Hillary Clinton, the Democrat presidential nominee gave a speech Thursday in Warren, Michigan, and unsurprisingly, housing was barely mentioned once again.
This speech follows the economic speech from Republican presidential nominee Donald Trump on Monday in Detroit, Michigan, where he also touched on housing.
What very little she did say, was that Trump intends to disband the Consumer Financial Protection Bureau. Clinton emphasized the help the CFPB brings consumers, and questioned: “Why would you want to get rid of that?”
Does Trump really want to disband the CFPB?
Possibly, but that’s not exactly what he said. To be honest, he hasn’t said much of anything concerning the housing industry.
More specifically, he said on Monday that he would immediately stop all new regulations from agencies. During that time, he’ll analyze current regulations and their effect on the economy.
The Republican party, on the other hand, approved its 2016 party platform, which included changing the structure of the CFPB.
On the other hand, Clinton said in her speech that she supports more government regulations, and would expand upon current regulatory authorities.
Scattered throughout her speech, Clinton made several jabs at Trump, even claiming that his platform relied on fear.
She also touched on taxes, saying that she wanted to make it easier for credit unions and community banks.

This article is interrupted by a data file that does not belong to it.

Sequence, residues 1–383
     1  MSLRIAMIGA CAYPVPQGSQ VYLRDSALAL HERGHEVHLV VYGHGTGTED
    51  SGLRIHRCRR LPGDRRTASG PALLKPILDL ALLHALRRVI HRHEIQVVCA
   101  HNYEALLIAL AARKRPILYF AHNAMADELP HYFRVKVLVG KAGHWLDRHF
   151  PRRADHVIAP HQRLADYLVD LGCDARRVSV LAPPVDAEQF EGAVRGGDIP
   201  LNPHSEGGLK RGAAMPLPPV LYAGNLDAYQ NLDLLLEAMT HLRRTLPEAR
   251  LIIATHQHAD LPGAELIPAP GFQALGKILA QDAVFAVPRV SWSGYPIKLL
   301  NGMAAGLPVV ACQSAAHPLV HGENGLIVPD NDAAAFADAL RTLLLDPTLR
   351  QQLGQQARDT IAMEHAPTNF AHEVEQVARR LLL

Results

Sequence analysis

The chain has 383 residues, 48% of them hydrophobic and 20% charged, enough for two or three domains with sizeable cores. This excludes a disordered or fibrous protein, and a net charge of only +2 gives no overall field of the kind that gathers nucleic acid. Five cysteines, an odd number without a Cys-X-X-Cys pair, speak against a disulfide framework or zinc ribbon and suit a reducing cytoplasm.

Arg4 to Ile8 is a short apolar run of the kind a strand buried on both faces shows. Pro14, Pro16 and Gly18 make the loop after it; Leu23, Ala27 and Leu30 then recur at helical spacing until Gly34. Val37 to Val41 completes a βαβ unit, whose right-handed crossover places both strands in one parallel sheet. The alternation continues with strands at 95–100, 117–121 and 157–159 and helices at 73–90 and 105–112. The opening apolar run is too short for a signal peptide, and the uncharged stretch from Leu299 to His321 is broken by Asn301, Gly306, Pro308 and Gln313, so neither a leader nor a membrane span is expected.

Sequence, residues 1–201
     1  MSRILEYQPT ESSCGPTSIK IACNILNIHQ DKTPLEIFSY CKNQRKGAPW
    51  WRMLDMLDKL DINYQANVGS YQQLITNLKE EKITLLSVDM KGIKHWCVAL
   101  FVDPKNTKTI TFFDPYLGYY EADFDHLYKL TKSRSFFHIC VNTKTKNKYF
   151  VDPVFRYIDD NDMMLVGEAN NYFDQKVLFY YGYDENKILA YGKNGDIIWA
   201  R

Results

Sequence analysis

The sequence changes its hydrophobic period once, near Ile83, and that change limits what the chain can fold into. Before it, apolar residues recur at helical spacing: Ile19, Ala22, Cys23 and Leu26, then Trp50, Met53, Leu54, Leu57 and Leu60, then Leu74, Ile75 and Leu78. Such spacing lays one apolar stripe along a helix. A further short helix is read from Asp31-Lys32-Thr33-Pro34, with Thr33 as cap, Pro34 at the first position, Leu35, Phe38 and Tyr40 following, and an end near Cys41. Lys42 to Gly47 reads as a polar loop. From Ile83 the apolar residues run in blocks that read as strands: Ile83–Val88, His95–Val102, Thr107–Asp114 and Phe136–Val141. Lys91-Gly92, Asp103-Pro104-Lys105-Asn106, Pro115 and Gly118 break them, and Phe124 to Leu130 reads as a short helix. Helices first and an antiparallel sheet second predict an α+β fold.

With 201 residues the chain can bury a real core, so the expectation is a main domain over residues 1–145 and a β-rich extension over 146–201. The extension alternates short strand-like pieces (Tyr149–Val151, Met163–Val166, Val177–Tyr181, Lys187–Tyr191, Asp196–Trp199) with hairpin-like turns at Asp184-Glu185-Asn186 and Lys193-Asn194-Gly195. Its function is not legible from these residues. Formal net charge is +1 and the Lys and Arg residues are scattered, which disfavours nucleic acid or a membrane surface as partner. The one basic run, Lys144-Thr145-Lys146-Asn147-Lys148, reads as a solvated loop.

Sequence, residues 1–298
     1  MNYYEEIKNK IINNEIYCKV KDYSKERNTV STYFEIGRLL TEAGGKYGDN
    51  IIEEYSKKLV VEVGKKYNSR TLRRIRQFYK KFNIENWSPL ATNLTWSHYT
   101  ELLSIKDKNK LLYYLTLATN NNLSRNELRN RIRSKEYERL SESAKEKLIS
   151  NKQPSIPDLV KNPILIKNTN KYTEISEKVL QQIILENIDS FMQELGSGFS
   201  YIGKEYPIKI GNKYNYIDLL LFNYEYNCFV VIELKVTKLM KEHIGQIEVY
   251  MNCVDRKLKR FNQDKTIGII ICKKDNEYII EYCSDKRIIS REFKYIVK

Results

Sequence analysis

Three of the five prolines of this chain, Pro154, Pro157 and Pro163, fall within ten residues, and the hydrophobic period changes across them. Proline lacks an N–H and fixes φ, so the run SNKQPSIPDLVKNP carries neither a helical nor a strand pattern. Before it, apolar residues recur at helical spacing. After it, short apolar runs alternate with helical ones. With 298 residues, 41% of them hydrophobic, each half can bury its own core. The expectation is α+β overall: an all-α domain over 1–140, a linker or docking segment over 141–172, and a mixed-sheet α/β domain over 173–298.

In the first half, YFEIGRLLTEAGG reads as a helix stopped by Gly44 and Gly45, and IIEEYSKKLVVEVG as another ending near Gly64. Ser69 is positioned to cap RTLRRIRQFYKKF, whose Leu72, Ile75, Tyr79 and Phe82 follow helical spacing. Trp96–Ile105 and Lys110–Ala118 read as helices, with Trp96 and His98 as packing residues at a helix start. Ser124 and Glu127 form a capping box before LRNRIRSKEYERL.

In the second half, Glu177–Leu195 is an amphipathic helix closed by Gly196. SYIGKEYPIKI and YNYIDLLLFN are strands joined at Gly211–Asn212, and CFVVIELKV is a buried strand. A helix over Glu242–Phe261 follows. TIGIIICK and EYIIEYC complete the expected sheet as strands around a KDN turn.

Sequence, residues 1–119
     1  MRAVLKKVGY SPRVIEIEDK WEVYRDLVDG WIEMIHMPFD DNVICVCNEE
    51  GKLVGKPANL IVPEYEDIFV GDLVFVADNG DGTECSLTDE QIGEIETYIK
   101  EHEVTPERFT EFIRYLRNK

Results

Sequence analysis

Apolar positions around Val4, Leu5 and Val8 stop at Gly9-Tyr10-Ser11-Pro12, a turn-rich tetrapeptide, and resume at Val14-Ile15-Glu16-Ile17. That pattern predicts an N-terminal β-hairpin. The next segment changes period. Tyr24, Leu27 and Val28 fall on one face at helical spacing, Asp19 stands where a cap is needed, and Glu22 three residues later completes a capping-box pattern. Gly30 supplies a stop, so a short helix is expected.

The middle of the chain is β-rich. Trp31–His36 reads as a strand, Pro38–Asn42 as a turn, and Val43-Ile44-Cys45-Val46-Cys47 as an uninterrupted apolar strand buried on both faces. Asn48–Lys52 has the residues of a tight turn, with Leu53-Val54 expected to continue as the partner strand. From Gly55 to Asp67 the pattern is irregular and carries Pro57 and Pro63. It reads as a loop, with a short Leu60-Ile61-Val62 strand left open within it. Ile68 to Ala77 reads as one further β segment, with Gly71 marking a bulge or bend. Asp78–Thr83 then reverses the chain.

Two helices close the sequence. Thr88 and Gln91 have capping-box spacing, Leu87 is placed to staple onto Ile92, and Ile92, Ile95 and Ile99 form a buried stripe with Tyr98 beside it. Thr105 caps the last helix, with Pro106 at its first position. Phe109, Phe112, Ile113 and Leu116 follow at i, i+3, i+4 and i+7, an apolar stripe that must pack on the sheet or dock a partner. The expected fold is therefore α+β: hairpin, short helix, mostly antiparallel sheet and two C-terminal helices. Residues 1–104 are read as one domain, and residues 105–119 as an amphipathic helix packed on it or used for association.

“I would propose a new plan that will dramatically simplify tax filing for small businesses to help community banks and credit unions,” Clinton said. “In America if you can dream it you should be able to build it”
Her speech focused more on jobs than anything else; she said she will work to get the middle class tax relief, and accused Trump of creating a tax plan that would benefit only himself and the super-rich.
Many Americans expressed that housing is an important issue for them, and that they are more likely to support a candidate who make affordable housing a focus in their campaign.
Despite this, however, time is running out before the November election, and with it, hope that either candidate will make housing a major focus.
The candidates’ refusal to talk about housing is causing many to turn against them when asked which president would be best for housing, according to a special report by Redfin in June.
So who did the surveyed homebuyers nominate at the best candidate for housing?
Actually “Other” won the most votes at 28%.